If you want to play against a powerful, customizable computer opponent for the purpose of studying chess, you'll want a chess engine. I recommend the free and open source Stockfish engine (opens in new tab) or its derivatives.
These engines are primarily for training—you can play against them, analyze chess positions, and pit them against each other—so they're for people who seriously want to study the game. If you're not sure a chess engine is something you want to tinker with, don't buy anything—free engines are extremely powerful. (I consult the rankings from computerchess.org.uk (opens in new tab).)
The best chess engine GUIs
An engine alone won't do much for you, as they don't include any kind of graphical user interface, just a console. To easily play against a chess engine or use it to analyze boards, you'll want to pair it with a chess GUI. There are lots of free ones. Most come with engines installed already, so you can get started with one download.
Lucas Chess (opens in new tab): Simple and easy to understand for beginners. It includes a bunch of engines and training tools, and the UI isn't too confusing, even if you're unfamiliar with the more complicated functions of chess engines.
Arena Chess GUI (opens in new tab): Arena Chess is more daunting for newcomers than Lucas Chess, but it includes a great deal of features (opens in new tab), as well as support for 19 languages and a Linux verison.
WinBoard (opens in new tab): It isn't the prettiest GUI, but WinBoard and Xboard are feature rich and include support for chess variants, too.
SCID (opens in new tab): Like the other GUIs on this list, SCID can be used to play against an engine, but it's most useful as a fast way to organize and analyze databases of chess games. You'll want to pair it with MillionBase, a massive database of chess games in PGN format (scroll to 'Data Downlods' here (opens in new tab)) or other chess game databases. If you like the SCID interface, you can also try SCID vs PC (opens in new tab) as a GUI for playing chess.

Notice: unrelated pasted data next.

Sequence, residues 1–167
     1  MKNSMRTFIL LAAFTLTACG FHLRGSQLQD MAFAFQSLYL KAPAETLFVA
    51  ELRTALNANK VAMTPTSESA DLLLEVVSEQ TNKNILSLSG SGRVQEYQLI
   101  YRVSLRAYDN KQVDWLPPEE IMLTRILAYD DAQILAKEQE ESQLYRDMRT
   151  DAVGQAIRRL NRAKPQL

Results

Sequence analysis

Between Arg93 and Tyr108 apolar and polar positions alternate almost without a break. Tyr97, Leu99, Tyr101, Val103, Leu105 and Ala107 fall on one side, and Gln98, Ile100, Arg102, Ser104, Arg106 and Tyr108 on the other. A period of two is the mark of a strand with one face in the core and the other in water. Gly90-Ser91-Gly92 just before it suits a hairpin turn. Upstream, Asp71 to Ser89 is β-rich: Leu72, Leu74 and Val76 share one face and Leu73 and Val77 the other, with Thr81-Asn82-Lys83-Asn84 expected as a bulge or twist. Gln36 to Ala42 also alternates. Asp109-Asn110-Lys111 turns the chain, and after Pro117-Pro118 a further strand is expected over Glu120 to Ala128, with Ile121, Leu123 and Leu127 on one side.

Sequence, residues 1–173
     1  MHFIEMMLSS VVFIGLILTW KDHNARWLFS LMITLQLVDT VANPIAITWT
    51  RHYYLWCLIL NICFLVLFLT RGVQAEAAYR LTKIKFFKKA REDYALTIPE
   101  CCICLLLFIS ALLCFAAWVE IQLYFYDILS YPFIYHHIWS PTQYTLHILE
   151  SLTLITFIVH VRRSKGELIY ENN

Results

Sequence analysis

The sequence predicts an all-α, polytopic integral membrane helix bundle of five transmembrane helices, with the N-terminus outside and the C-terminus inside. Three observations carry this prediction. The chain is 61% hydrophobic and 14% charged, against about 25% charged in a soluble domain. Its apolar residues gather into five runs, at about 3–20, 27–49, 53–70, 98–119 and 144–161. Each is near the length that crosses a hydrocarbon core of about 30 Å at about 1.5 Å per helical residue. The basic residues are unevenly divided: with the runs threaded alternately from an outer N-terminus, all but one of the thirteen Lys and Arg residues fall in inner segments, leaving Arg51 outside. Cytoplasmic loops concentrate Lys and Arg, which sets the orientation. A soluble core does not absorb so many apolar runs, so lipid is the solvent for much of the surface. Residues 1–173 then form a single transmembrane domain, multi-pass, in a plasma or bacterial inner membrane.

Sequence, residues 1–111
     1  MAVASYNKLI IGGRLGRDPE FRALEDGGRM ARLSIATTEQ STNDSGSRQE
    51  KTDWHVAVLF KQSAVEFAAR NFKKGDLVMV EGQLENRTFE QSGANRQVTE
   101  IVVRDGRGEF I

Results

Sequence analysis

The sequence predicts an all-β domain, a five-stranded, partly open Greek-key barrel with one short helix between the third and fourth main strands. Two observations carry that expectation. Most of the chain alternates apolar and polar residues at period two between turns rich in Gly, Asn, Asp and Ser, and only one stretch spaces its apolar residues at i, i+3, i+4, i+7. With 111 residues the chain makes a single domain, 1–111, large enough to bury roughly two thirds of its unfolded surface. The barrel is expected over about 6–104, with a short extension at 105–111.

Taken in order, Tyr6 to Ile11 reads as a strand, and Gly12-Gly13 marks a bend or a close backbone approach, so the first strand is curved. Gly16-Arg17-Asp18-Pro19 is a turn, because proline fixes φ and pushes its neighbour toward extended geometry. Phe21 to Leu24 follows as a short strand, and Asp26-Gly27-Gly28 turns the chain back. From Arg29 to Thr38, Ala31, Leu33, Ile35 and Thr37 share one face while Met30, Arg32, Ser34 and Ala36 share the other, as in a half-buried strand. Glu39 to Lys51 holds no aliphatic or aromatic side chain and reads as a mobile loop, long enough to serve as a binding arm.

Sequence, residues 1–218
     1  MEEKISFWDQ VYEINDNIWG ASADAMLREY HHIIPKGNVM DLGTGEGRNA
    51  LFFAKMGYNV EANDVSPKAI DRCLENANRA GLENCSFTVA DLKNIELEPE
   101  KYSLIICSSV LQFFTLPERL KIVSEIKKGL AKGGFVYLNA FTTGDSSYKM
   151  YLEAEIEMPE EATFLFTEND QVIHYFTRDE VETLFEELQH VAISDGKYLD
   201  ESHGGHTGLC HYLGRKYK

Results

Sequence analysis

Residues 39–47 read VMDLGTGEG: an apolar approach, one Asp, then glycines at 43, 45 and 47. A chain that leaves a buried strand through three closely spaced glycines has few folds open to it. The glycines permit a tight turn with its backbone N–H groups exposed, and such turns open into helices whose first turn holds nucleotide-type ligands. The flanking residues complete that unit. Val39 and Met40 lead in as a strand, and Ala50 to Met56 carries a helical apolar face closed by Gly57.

Commercial chess software
You can play and learn a lot about chess without spending a dime, and that's where I recommend starting, but pro packages come with lots of bells and whistles if you have the cash. Much of what you're paying for is their completeness, and the quality of their training tools.
Fritz 15 ($65 on Steam (opens in new tab)) is a storied piece of chess software, and its current engine is written by Rybka engine (opens in new tab) creator Vasik Rajlich (opens in new tab) (though you can use it with other commercial and free engines). It's a bit of a mess to install (activation keys!) and the interface is just as complicated as any free software's, but it comes with huge database of games, and some nice features. I especially like 'Friend Mode,' which allows you to play against a computer opponent that adjusts to your skill level. It also offers hints that aren't too direct, helping you learn without losing track of why a certain move is better than others.